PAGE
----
From boiling lead and black art: An essay on the history of mathematical typography

I've always felt like constructing printed math was much more of an art form than regular typesetting. Someone typesetting mathematics is less a "typist" and more an artist attempting to render abstract data on a two-dimensional surface. Mathematical symbols are themselves a language, but they are fundamentally a visual representation of human-conceived knowledge -- knowledge that would be too inefficient to convey through verbal explanations. This brings the typesetting of mathematics closer to a form of data visualization than regular printed text. [...]

To fully appreciate mathematical typography, we have to first appreciate the general history of typography, which is also a history of human civilization. No other art form has impacted our lives more than type.

Previously, previously, previously.


4 Responses:

  1. cthulhu says:

    My office "upgraded" to MS Office 2013 last year, and I discovered that the equation editor has regressed significantly from previous versions. I much prefer the TeX family for writing technical papers, but management and customers want Word, so I write in Word - like an animal.

    • k3ninho says:

      I've kept parallel documents running when I was going to be the final publisher and collaborators wanted doc/docx. I defined LaTeX-like substitutions in Word for many greek letters and other symbols.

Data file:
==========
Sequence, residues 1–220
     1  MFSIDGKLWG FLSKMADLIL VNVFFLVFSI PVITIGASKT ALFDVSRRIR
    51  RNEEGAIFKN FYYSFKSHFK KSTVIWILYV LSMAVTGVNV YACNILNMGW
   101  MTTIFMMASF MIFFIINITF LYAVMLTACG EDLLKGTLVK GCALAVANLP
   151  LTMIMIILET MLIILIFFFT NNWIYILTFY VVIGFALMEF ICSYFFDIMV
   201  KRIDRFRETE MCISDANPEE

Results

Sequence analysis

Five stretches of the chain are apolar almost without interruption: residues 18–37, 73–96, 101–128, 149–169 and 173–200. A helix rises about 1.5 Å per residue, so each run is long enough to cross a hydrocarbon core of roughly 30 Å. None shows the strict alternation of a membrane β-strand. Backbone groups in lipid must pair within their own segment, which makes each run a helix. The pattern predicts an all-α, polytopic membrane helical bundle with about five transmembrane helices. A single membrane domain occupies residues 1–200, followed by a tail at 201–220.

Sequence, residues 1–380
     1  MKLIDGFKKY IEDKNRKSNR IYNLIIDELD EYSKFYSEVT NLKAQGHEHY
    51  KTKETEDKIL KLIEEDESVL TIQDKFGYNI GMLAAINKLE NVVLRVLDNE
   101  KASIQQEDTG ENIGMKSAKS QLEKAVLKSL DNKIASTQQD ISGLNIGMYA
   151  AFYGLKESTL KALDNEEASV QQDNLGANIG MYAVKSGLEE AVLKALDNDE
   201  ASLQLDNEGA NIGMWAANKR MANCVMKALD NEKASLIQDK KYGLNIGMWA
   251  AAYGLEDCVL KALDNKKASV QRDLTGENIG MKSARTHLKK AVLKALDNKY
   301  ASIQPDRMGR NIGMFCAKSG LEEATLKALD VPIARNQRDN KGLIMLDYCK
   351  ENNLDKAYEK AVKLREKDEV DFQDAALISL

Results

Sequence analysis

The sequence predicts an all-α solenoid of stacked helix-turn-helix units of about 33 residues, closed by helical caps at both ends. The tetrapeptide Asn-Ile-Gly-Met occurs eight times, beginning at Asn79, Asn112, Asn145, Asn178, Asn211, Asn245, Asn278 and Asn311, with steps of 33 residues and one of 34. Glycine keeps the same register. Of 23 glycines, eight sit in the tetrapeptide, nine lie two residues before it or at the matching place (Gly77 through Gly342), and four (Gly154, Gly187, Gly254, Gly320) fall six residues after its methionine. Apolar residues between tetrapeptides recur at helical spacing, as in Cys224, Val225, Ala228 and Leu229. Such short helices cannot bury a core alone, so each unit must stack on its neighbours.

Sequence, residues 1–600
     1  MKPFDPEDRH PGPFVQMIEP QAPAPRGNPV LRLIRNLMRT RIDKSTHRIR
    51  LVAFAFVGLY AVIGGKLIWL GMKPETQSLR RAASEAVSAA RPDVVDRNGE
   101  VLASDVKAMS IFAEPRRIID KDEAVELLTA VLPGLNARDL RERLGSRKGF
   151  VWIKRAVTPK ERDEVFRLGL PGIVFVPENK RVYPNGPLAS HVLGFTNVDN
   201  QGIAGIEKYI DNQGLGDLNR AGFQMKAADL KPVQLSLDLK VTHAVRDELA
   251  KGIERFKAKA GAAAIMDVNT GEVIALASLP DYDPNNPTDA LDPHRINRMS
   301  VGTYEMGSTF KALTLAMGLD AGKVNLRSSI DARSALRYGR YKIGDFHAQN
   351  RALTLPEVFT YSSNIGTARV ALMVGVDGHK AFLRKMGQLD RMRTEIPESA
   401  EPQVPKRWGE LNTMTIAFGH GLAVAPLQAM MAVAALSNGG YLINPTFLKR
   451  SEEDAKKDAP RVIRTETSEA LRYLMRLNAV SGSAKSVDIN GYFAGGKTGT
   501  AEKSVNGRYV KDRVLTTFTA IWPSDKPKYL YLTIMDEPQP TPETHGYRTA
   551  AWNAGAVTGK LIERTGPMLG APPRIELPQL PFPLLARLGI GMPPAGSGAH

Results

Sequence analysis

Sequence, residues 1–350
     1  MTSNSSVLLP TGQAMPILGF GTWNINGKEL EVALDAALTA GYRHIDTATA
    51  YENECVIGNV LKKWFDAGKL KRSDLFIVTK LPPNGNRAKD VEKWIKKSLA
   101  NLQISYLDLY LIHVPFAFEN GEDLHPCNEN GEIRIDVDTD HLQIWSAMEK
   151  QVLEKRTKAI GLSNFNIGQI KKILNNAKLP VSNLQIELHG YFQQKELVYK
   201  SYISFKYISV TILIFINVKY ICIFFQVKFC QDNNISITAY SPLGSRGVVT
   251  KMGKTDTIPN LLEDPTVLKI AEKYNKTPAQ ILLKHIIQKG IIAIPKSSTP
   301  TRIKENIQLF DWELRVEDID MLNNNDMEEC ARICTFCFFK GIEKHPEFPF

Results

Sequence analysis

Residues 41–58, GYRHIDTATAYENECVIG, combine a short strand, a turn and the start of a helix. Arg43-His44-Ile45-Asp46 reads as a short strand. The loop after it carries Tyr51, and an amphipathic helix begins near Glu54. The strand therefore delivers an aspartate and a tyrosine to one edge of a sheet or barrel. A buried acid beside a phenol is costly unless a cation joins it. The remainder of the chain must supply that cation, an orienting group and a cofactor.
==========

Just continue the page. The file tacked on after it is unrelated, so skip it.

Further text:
Is there a LaTeX-commands -> MathML layout -> TeX render -> EPS figures workflow that can set your equations in Word?


      • cthulhu says:

        You could probably do displayed equations that way, but inline equations would be a lot harder, and I do a lot of those. My real preference would be TeX/LaTeX directly to HTML + MathML/MathJAX and SVG for figures, and maybe in another few years us engineers will have management totally weaned off of Word and PowerPoint and onto wiki pages for everything, but it ain't there yet.

        As an aside, the best example of of this kind of thing I know of is the online Feynman Lectures on Physics, http://www.feynmanlectures.caltech.edu, which has impeccable typography of some complicated math, and some good diagrams too.

  2. Will says:

    I found the conclusion where the removal of barriers for ease of use and speed of production may, in itself, is a problem to be an interesting insight:

    [W]e now face the challenge of imposing more constraint on the publishing process for the sake of leaner output and the longevity of our thoughts

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